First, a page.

When a parent or caregiver hears the words “Your child has autistic spectrum disorder” from a psychologist or physician, it can often sound to that parent or caregiver like a life sentence. They believe that their child will always be autistic. That autism diagnosis, however, is dynamic not static.
What does it mean that your child’s diagnosis is dynamic? It means that it can change. A static diagnosis does not change. For example, a child’s Type 1 diabetes diagnosis is static. That diagnosis will not change. Dr. Greenspan says that an autism diagnosis is dynamic.
Dr. Greenspan, in his book Engaging Autism: Using the Floortime Approach to Help Children Relate, Communicate, and Think that he co-wrote with Dr. Wieder, emphasized that an ASD diagnosis is dynamic. They stress that emotional engagement with other people, that underdeveloped or missing capability in youth with autism, can be developed through Floortime treatment efforts.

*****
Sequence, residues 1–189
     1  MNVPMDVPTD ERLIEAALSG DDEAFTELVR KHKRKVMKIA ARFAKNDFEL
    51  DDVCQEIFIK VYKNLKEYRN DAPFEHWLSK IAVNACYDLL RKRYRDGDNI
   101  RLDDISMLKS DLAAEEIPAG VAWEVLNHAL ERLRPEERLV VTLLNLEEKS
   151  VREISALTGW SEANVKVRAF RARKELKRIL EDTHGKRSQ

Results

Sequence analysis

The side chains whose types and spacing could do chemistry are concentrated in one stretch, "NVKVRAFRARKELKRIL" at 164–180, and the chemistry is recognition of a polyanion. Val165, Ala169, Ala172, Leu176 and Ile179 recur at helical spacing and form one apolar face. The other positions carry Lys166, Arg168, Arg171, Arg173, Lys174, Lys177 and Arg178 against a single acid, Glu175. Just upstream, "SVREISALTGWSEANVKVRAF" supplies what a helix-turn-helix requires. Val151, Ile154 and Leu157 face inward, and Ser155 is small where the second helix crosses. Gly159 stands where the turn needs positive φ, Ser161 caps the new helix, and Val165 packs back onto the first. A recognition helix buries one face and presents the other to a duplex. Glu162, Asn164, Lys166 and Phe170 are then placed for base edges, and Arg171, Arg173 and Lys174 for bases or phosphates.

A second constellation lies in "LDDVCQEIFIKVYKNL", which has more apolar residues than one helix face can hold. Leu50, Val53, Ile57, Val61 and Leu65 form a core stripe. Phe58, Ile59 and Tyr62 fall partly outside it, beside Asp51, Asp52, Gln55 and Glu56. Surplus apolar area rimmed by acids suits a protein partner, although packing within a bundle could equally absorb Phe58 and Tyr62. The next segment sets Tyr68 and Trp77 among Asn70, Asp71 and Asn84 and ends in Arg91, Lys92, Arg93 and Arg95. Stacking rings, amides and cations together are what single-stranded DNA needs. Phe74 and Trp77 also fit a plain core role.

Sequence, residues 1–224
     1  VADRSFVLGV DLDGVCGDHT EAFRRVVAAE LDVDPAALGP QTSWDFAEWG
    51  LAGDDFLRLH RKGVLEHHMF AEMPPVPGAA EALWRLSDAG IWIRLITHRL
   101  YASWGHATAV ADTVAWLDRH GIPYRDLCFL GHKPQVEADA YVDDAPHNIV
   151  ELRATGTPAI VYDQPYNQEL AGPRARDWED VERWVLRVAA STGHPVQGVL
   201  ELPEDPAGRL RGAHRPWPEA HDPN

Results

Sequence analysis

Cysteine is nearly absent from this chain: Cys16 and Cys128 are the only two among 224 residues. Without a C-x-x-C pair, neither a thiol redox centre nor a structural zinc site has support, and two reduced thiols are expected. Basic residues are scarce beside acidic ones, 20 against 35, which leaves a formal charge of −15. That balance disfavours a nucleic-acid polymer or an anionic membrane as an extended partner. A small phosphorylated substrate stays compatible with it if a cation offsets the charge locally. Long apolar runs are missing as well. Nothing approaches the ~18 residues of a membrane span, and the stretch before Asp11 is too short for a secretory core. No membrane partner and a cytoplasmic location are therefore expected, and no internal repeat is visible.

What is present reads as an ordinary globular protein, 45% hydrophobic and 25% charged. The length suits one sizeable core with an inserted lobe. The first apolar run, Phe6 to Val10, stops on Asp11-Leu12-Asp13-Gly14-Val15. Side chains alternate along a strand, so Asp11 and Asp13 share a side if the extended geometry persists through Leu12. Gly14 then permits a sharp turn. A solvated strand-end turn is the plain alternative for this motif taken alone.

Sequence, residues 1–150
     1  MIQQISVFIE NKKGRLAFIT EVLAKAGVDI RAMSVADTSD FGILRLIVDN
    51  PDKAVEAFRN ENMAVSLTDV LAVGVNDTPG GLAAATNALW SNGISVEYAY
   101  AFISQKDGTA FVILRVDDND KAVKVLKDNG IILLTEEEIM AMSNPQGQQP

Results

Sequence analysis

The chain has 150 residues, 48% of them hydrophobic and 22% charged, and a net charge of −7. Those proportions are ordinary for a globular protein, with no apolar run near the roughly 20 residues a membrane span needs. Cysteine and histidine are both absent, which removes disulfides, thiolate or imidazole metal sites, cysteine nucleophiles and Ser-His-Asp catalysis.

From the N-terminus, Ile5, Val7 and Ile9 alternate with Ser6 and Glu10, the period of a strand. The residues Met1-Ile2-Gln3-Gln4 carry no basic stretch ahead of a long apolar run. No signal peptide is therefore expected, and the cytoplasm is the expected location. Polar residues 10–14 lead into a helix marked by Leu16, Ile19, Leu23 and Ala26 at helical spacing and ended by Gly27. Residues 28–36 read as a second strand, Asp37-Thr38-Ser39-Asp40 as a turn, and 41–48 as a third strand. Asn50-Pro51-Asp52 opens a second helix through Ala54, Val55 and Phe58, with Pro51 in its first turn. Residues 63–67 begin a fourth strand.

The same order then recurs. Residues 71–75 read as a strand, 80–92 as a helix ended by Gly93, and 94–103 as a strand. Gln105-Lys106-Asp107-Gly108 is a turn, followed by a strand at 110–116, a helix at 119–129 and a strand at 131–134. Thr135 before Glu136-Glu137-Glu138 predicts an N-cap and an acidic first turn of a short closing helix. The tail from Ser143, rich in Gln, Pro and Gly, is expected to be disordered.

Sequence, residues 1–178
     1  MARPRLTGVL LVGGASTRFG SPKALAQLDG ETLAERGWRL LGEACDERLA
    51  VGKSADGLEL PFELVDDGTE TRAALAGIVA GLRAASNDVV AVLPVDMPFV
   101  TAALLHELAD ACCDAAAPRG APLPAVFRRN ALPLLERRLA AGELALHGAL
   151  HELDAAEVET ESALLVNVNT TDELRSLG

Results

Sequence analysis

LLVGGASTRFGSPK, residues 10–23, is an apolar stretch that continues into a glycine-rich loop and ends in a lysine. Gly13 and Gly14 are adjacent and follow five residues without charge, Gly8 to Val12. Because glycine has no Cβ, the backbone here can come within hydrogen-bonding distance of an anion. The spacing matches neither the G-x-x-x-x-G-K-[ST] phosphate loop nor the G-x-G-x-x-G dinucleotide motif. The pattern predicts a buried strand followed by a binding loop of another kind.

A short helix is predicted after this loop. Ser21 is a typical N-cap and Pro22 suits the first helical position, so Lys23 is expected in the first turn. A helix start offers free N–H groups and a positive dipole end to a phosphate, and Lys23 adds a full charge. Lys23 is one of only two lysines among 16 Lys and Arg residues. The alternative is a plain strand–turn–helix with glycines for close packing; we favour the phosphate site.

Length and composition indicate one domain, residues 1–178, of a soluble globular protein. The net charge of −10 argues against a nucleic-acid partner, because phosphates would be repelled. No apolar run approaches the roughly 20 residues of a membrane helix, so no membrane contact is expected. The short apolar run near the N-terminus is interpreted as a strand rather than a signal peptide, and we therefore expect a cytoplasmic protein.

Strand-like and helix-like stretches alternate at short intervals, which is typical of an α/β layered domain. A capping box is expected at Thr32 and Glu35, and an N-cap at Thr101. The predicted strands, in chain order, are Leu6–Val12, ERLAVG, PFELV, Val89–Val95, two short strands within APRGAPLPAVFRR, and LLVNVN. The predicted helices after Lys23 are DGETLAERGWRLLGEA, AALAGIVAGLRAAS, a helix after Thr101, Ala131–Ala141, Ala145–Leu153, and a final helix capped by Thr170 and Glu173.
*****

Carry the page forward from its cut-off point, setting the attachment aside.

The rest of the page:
Floortime treatment efforts for children and youth with autism help to develop their capacity for intimacy, grow their ability to expressively communicate, and enhance their meaningful speech. These three components to Floortime autism treatment efforts require children to emotionally engage with others.
Dr. Greenspan’s dynamic view of autism gives hope to parents of ASD children. Parents, do not give up on your withdrawn child. Do not give up hope for your recalcitrant child. Their autism diagnosis is dynamic not static.
Learn more about Floortime and how it can help children diagnosed with autistic spectrum disorder develop that all-important emotional engagement with their parents, caregivers, siblings, classmates and others. The Floortime Center, by implementing Floortime therapy, helps children and young people grow in their capacities for expressive communication, intimacy and meaningful speech.